Unpacking the key components of a programme to improve the timeliness of hip-fracture care: a mixed-methods case study.
Scand J Trauma Resusc Emerg Med 2015 Nov;23():93
Fredriksson, J.J., D. Ebbevi, and C. Savage, Pseudo-understanding: an analysis of the dilution of value in healthcare. BMJ Qual Saf, 2015. 24(7): p. 451-7.
Mazzocato, P., et al., Complexity complicates lean: lessons from seven emergency services. J Health Organ Manag, 2014. 28(2): p. 266-88.
Wannheden, C., et al., HIV and tuberculosis coinfection: a qualitative study of treatment challenges faced by care providers. Int J Tuberc Lung Dis, 2013. 17(8): p. 1029-35.
Tomson, G. and C. Savage, [The Price of Naïveté]. Lakartidningen, 2013. 110(27-28). Book Review.
Tomson, T., G. Tomson, and C. Savage, The educational system of today and health personnel of tomorrow. Lakartidningen, 2012. 109(32-33): p. 1388-9.
Ovretveit, J., et al., Implementing organisation and management innovations in Swedish healthcare: lessons from a comparison of 12 cases. J Health Organ Manag, 2012. 26(2): p. 237-57.
Mazzocato, P., et al., How does lean work in emergency care? A case study of a lean-inspired intervention at the Astrid Lindgren Children's hospital, Stockholm, Sweden. BMC Health Serv Res, 2012. 12: p. 28.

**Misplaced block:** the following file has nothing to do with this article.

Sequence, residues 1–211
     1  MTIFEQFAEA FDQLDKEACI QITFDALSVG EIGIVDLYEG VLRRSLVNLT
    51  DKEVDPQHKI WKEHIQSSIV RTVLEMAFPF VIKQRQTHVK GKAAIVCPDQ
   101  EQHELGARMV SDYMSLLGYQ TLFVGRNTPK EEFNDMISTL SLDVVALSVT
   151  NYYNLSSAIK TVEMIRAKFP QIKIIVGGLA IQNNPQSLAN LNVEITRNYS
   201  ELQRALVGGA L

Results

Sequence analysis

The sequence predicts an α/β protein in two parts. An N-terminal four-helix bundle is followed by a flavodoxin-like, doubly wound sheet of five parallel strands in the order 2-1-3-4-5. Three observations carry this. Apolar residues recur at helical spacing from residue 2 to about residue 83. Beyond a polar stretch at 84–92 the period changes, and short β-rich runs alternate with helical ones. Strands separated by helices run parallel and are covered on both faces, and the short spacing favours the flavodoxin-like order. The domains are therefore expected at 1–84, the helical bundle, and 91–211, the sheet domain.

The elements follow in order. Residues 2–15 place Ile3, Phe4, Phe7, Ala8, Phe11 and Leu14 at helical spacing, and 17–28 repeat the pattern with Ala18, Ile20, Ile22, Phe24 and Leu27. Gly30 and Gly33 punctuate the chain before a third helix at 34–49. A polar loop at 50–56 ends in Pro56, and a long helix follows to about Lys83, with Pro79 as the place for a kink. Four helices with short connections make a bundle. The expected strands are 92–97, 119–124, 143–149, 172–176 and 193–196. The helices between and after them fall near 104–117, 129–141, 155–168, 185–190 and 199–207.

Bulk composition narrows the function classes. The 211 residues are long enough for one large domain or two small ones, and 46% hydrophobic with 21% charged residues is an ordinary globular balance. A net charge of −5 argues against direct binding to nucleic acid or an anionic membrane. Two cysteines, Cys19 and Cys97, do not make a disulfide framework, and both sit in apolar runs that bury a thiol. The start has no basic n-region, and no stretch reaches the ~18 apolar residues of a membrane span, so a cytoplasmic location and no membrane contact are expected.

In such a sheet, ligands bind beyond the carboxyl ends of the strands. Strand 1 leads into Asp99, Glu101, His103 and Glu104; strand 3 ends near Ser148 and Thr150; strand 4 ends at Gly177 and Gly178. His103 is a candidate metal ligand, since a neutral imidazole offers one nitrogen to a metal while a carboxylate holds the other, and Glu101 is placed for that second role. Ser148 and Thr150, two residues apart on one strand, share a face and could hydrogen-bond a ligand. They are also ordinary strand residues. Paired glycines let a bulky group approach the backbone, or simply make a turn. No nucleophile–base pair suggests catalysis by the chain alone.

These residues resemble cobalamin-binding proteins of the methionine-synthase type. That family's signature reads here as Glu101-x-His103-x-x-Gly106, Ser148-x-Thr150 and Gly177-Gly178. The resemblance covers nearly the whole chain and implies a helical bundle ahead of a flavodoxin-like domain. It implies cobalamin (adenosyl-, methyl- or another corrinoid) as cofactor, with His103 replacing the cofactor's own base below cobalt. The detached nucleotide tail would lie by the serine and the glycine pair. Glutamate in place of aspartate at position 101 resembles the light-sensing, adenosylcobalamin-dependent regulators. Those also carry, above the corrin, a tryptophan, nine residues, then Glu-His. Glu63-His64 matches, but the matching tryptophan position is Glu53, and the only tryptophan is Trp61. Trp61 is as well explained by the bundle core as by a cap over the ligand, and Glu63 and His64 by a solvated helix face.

Turning the tables: when the student teaches the professional -- a case description of an innovative teaching approach as told by the students.
Nurse Educ Today 2011 Nov;31(8):803-8
Mazzocato, P., H.H. Forsberg, and U. Schwarz, Team behaviors in emergency care: a qualitative study using behavior analysis of what makes team work. Scand J Trauma Resusc Emerg Med, 2011. 19: p. 70.
Bergin, E. and C. Savage, Surviving multiple obligations through stimulation, autonomy, and variation. J Health Organ Manag, 2011. 25(4): p. 455-68.
Mazzocato, P., et al., Lean thinking in healthcare: a realist review of the literature. Qual Saf Health Care, 2010. 19(5): p. 376-82.
Does an outcome-based approach to continuing medical education improve physicians' competences in rational prescribing?
Med Teach 2009 Nov;31(11):e500-6
Savage, C. and K.P. Harenstam, [Proposal on new internship training doesn't fulfill international requirements]. Lakartidningen, 2008. 105(20): p. 1457-8.
Esmaily, H.M., et al., Identifying outcome-based indicators and developing a curriculum for a continuing medical education programme on rational prescribing using a modified Delphi process. BMC Med Educ, 2008. 8: p. 33.
Bergman, D., et al., Teaching group dynamics--do we know what we are doing? An approach to evaluation. Med Teach, 2008. 30(1): p. 55-61.